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Rather than looking into real estate, investors look to the stock market as a way to “get rich quick.” They do not want to invest a lot of money, time, and work, so they look to liquid assets like stocks. However, unlike real estate, the movement in the stock market does not necessarily indicate the performance of the economy as a whole. The stock market mostly bases itself off of buildup and a herd mentality. Real estate, as a tangible asset, offers itself as a safety net with worthwhile long term returns.

For example, on March 18, 2020, hedge fund manager Bill Ackman had a gloom and doom attitude and said in a CNBC interview that “hell is coming” and then shorted the market as a result of the recent surge of COVID-19 in the United States. Investors started to follow suit and sold most of their positions, leading to the Dow Jones Industrial Average’s worst one-week performance since the 2008 financial crisis. However, not long after, Ackman started to long the market and made $2.6 billion from shorting and doubling down on his hedge fund’s existing positions, such as Hilton Worldwide Holdings, Warren Buffett’s Berkshire Hathaway, and property group Howard Hughes Corporation (McCrum and Aliaj, “Inside Bill Ackman’s $2.6bn big short”). Now, as of almost a month ago, the Dow had its best quarter since 1987. However, the rally in the stock market was simply a way for investors to buy low and cover up the U.S. economy’s big flaws such as the U.S. dollar’s implosion and the debt bubble that could burst very soon. 

Companies come and go, but people will always need to live somewhere. Populations usually increase, which means that more people will look for a place to stay. Furthermore, Daniel Lesniak, founder of Orange Line Living, a real estate brokerage firm, mentioned that real estate offers a wide variety of options, as “you can buy a house with the intent of flipping it, then rent it if the market turns south. If you buy a rental that appreciates in value significantly, you can sell it. Real estate can be refinanced, rehabbed, and rezoned” (“Real estate is still the best investment you can make today, millionaires say – here’s why”). Unlike a stock, where an investor buys and watches its value change by outside factors, real estate is an asset where the investor can control and tinker with it in any way he wants.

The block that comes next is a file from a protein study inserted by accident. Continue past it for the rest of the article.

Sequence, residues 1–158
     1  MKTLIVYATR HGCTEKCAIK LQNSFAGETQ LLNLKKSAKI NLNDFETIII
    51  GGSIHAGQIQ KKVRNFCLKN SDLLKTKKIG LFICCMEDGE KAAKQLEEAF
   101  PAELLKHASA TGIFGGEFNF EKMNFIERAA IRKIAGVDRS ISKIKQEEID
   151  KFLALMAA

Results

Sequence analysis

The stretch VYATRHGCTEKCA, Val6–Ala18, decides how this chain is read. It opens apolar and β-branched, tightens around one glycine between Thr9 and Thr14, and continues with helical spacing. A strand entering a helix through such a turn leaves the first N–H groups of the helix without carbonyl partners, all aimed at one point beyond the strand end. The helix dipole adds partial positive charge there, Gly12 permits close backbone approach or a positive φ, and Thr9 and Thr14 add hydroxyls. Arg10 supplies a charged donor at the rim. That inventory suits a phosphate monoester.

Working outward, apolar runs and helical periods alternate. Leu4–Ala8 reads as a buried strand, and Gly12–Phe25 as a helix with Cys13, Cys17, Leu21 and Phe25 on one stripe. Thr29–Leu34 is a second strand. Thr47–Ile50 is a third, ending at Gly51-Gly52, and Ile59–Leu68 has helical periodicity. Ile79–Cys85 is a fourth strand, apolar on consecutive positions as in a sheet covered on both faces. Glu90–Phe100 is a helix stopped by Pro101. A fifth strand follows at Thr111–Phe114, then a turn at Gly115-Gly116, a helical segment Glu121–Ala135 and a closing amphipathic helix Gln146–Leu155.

Furthermore, if an investor does his research, his investment will always appreciate over the long term, i.e. a few decades. Some people might not be able to afford waiting that long for an investment to pay off because they have to pay expenses monthly. In that case, for some years they should primarily focus on investing in their own professional growth because that will not only provide the most stable source of income, but it will also drive up the actual productivity of the economy instead of having the economy artificially grown through the constant printing of money. At some point in life, they will most likely have saved enough money to jump into real estate investment. 

In the end, each investor has a different risk tolerance and different ability to take on risk, not to mention they should diversify. All factors considered, look to real estate instead of stocks, as real estate gives an investor better returns given the lower risk relative to other assets.

Jason Caci
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